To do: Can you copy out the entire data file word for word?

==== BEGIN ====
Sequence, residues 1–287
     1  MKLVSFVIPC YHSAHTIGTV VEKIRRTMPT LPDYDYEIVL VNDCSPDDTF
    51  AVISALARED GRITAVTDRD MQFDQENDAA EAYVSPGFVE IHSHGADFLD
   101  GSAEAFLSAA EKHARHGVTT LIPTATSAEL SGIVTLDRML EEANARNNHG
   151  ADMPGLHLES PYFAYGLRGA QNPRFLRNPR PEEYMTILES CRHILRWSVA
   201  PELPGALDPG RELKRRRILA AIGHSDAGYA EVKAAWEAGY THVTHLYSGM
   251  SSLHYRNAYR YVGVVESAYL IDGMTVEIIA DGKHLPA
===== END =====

Sequence, residues 1–287
     1  MKLVSFVIPC YHSAHTIGTV VEKIRRTMPT LPDYDYEIVL VNDCSPDDTF
    51  AVISALARED GRITAVTDRD MQFDQENDAA EAYVSPGFVE IHSHGADFLD
   101  GSAEAFLSAA EKHARHGVTT LIPTATSAEL SGIVTLDRML EEANARNNHG
   151  ADMPGLHLES PYFAYGLRGA QNPRFLRNPR PEEYMTILES CRHILRWSVA
   201  PELPGALDPG RELKRRRILA AIGHSDAGYA EVKAAWEAGY THVTHLYSGM
   251  SSLHYRNAYR YVGVVESAYL IDGMTVEIIA DGKHLPA